Saturday, October 15, 2011

#CitiBank's New Customer Retention Policy: Jail Them!

Citi's New Logo!
Congratulations to CitiBank for its innovative new program for retaining customers: if too many people try to close their accounts, call the police and have them arrested!
I appreciate that the situation is more complicated than this. CitiBank is a person, and if it's a person that commits three felonies, it could go to jail for life. Just Kidding! CitiBank is the sort of person that is completely immune to jail time - so it can refuse to give back your money all it wants and never see the inside of jail - but if you insist Citibank give you your money, you can!
Is this a great country or what?

Personally, I moved my money to credit unions years ago. I was briefly lured back to a commercial bank last year, by the promise of free money for opening an account but - silly me! - there is no free money - it was all eaten up in fees! LOL@me!!!
So now I'm back to credit unions only; if you're smart, you'll do the same. Find a credit union at Move Your Money.
And whatever you do, DON'T GO TO CITIBANK TO CLOSE YOUR ACCOUNT ... unless you need a place to stay for a few days. Hey, it's getting cold out; if you've lost your home to foreclosure, maybe Citibank'll do you the favor of having you arrested!
(Technical note: new logo designed with the aid of, a cute little utility. Thanks!)

Here's an account by the videographer herself:

Thursday, October 13, 2011

Free AV CLE As Year-End Approaches

As the year winds down, the urgency of completing CLE requirements increases, and for a great many lawyers, cost is an issue. While 4freeCLE lists hundreds of free continuing legal education opportunities, most of them are live seminars that are now past. It's worth checking there fore some future courses offering live credit, but you may need to resort to recordings, which may be subject to various limitations by your jurisdiction, but offer the opportunity to hear the content over and over if it doesn't stick the first time. includes those which can be accessed "anytime", primarily via the Web. The challenge then is to find stuff to match your interests.
AV CLE Approved for credit by WSBA/MCLEActivity ID 285340    How to Work With An Interpreter Seattle University School of Law
288349 Advocating for Veterans- the Basics on Benefits, Discharge Upgrades and Cultural Practising Law Institute
281043    Diversity in Law Practice 2011: Legal Update, Inclusion Strategies, and Work-Life Practising Law Institute
290500     Introduction to Open Source Software Licenses     Black Duck Software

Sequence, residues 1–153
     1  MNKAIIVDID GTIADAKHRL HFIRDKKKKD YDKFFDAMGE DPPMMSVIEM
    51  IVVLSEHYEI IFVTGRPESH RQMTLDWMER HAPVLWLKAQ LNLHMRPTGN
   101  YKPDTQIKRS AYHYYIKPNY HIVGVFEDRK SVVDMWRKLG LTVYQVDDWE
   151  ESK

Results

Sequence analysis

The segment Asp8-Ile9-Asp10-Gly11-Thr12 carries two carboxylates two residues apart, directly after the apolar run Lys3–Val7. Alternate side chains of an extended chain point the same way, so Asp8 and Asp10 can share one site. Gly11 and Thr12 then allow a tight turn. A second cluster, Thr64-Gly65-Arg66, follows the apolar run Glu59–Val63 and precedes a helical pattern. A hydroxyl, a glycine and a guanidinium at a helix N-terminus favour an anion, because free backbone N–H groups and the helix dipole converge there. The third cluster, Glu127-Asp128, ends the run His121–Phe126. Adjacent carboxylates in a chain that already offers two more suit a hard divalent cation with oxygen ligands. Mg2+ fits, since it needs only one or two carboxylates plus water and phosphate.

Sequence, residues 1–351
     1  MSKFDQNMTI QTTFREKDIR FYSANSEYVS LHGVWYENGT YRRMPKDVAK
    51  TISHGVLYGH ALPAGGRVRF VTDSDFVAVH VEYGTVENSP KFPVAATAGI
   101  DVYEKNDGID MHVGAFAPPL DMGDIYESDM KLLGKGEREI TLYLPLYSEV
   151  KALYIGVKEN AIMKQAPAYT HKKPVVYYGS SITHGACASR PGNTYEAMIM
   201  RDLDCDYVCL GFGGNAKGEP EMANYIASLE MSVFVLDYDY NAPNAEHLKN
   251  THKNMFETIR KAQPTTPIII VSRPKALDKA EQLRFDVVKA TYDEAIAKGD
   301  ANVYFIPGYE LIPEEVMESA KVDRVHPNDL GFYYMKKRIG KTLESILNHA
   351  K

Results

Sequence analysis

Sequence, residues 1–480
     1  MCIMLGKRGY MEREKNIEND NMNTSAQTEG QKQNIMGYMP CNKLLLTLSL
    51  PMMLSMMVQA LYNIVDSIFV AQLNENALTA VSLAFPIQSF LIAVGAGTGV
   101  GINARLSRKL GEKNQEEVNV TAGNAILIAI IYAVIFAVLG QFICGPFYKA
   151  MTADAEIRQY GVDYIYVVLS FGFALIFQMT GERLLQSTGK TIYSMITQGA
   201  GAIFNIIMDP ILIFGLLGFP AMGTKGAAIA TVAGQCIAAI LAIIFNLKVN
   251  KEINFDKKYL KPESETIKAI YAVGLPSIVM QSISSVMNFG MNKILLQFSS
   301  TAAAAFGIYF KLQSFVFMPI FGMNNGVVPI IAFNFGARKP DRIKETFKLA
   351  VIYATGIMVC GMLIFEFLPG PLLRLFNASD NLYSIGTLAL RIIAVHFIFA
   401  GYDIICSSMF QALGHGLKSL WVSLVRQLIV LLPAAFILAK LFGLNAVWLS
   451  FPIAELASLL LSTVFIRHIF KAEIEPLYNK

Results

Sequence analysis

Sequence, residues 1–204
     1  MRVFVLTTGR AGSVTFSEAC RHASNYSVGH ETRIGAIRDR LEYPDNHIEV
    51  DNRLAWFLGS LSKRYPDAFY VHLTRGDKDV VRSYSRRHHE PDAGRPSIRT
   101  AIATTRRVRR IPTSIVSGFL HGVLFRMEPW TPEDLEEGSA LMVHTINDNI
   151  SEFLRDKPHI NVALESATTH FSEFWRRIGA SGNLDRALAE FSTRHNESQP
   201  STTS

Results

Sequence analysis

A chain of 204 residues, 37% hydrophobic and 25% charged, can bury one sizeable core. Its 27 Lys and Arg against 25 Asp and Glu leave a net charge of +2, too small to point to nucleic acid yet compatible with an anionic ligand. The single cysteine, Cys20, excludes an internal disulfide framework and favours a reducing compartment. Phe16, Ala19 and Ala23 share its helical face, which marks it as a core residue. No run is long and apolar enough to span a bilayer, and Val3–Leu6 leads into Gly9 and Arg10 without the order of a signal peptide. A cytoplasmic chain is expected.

294465     Open Source Exposure via Your Software Supply Chain     Black Duck Software

AV CLE Not Yet Approved by WSBA But Likely To Be If You Just Fill Out The Form 1
Counsel Selection: A Trial Lawyer's Guide to the Universe

This is far from covering all the material, but it may be a good start to meeting your requirements. There's a pack of live events coming up as well, so check back in a week to see if I've reveiewed them too.

Monday, October 10, 2011

Planted This Week: Cabbage, Leeks, Hellebore and Halloween (#ctww)

We're all recycled, eventually.
Our fine crop of pine needs and twigs is the start of Recycled Hallowe'en, as a grave appears on our front lawn with the cautionary legend "Rest In Pizza"(tombstone material courtesy of the excellent Proletariat Pizza, which is not responsible for the contents of this grave!)
We will all return our carbon to the soil eventually, and if we can furnish a little entertainment along the way, all the better!
I also planted some winter crops. In the back, it's leeks and cabbage, stuck in among the last stalks of the squash, tomatoes and so forth. They are still producing slowly, but will soon give up their final crop and move on to mulch and compost, while the crops that love the cold more have their turn.
Speaking of  "dead" ... this week's Change The World Wednesday Challenge was

"Halloween is coming up so ... this week consider the environmental impact of the treats we give out and offer suggestions for better alternatives. Let's expand on Jen's idea and include parties, costumes, etc."
Planted This Week:
Tiny Cabbages and Leeks
amid the waning of
our summer crops
I was initially stumped on the treats business. I understand that parents want treating to be sealed packages of commercially prepared products, and I'm fine with that. I will try and see if a local chocolatier produces something; there was a time when every locality had its own candy bar but consolidation has reduced us to a choice between Hersey's and Mars. Last week my brother Dan brought us a bunch of Idaho Spuds that would have done nicely, except we ate them all. Maybe we can find something local like Carter's Chocolates in Port Orchard might be ideal, or something even closer to home? This challenge will make me look for chocolate, and that can't be a bad thing!
Meanwhile, we're starting with the decorations. The traditional "yard-raking graveyard" is very environmentally helpful, especially since it'll help us convert our turf lawn into something better. Laying out the graves will help my identify walking patterns through the yard, so I can put down a duff walkway, and come November, turn over the "graves" with my shovel and plant bulbs for springtime. Even the cardboard headstones will become food for worms!
We also planted a hellebore from Village Green Perennial Nursery. Besides the cool Halloweeny name, this plant does well in our climate with a minimum of care and enables us to convert another square yard of sod into flowers!